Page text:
Along the Sequoia Trail.

The tallest giant sequoia at

the Mariposa grove in the

Yosemite National Park is

87 meters. RANVIR SHAH

on these remarkable giants

with their specialized

characteristics.

IT is an early February morning. The dawn is yet to break. We are heading for Yosemite and the car picks up speed and the automobile is like a projectile on the lonely freeway. Leaving San Francisco behind us, we come to the wine-growing areas, whizz past hundreds of silent windmills standing mute testimony to much of the Quixotic in us and allowing us to dream the impossible. Just at the break of dawn, we reach the Mariposa grove of the giant sequoia trees in the southern part of the Yosemite National Park. The Spanish named this region Mariposa for the many butterflies in the foothills. In 1864, Abraham Lincoln paused during the Civil War to set aside the Mariposa Grove and Yosemite Valley as a protected state reserve “for the pleasuring of the people.” The Yosemite National Park was established in 1890 and this grove was incorporated into the park in 1906. Huge trees lunge out from the earth, as if trying to bring down the corners of the is 87 meters, while the largest known basal diameter of a giant sequoia is about 12 meters.

These trees are still alive, and the story of their growth is simply explained at various stages along the trail, allowing the visitor to understand nature’s myriad complexities. The crown of a mature giant sequoia may bear thousands of green cones at any one time. Each cone contains about 200 tiny flat seeds resembling a rolled oak flake. Late winter storms bring strong winds that carry the pollen from the lower branches of one tree to the upper branches of others, continuing the genetic mixing necessary for healthy reproduction. To germinate, the seeds need direct sunlight, adequate moisture and bare mineral soil. Over the years, with the suppression of fires, other trees quickly spread over the forest floor, reducing sunlight, competing for the moisture and blanketing the mineral soil with their debris. It became impossible for the sequoia seeds to get started. However, a dependency on natural lightning — caused fires, was discovered for reproduction of the sequoias in the early 1960s.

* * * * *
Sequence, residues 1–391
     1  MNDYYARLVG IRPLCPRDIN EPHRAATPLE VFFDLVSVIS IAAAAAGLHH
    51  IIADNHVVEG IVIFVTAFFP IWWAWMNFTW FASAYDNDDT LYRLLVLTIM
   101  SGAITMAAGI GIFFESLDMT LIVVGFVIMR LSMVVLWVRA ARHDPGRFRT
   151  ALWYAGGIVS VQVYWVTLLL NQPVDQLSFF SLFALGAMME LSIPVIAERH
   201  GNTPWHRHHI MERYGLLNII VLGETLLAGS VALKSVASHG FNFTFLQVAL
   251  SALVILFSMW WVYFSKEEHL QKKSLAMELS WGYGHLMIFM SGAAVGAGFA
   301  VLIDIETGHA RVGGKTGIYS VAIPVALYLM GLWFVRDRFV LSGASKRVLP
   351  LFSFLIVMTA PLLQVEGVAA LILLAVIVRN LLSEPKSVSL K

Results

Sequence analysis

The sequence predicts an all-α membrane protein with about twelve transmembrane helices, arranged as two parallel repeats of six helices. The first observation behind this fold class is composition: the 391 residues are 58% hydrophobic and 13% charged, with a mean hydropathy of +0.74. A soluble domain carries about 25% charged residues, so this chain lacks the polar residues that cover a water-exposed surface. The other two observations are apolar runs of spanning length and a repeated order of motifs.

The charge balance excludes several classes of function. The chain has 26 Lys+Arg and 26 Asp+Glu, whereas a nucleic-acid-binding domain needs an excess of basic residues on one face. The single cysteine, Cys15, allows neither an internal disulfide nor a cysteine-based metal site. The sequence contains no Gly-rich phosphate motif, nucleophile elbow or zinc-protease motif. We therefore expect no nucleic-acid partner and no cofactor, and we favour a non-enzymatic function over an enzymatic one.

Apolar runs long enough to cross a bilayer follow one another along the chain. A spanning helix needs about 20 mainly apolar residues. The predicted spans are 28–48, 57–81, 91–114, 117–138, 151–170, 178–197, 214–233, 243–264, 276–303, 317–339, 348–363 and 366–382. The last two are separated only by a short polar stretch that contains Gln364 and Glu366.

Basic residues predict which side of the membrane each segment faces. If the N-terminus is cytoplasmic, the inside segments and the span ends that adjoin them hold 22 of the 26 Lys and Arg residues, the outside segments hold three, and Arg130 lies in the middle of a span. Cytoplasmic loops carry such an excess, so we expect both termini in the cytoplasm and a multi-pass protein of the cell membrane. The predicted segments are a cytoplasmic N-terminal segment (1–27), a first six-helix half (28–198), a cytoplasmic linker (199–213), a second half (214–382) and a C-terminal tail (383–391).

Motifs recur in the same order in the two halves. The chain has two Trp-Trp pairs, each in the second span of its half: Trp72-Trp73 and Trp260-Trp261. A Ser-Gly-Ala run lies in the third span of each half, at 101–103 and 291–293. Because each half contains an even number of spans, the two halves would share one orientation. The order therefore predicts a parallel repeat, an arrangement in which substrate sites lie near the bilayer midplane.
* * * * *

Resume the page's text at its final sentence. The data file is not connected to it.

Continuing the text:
By then, nearly a 100 years of unburned forest litter and young evergreens had accumulated, producing a natural fuel load. Had lightning ignited a fire under these unnatural circumstances, an intense fire would have occurred killing even the largest trees. To promote the sequoia reproduction, the park staff started a series of prescribed burns, deliberately set and closely monitored by rangers. During spring and fall, this would burn away the leaf litter leaving a thin layer of nutrient rich ash over the mineral soil. At the same time, the heat from such a fire would dry the cones causing a shower of seeds to fall after the fire on to a perfectly prepared seed bed. As the snow melts after the winter, the spring brings sunlight, moisture and the fresh seeds come alive to create a sequoia nursery. On August 7, 1990, lightning from intense thunderstorms ignited approximately 40 separate fires all over the park. Some of the fires became the most significant ecological events on record in Yosemite’s 100-year history. Without. fire, plant succession is stagnated and biological.

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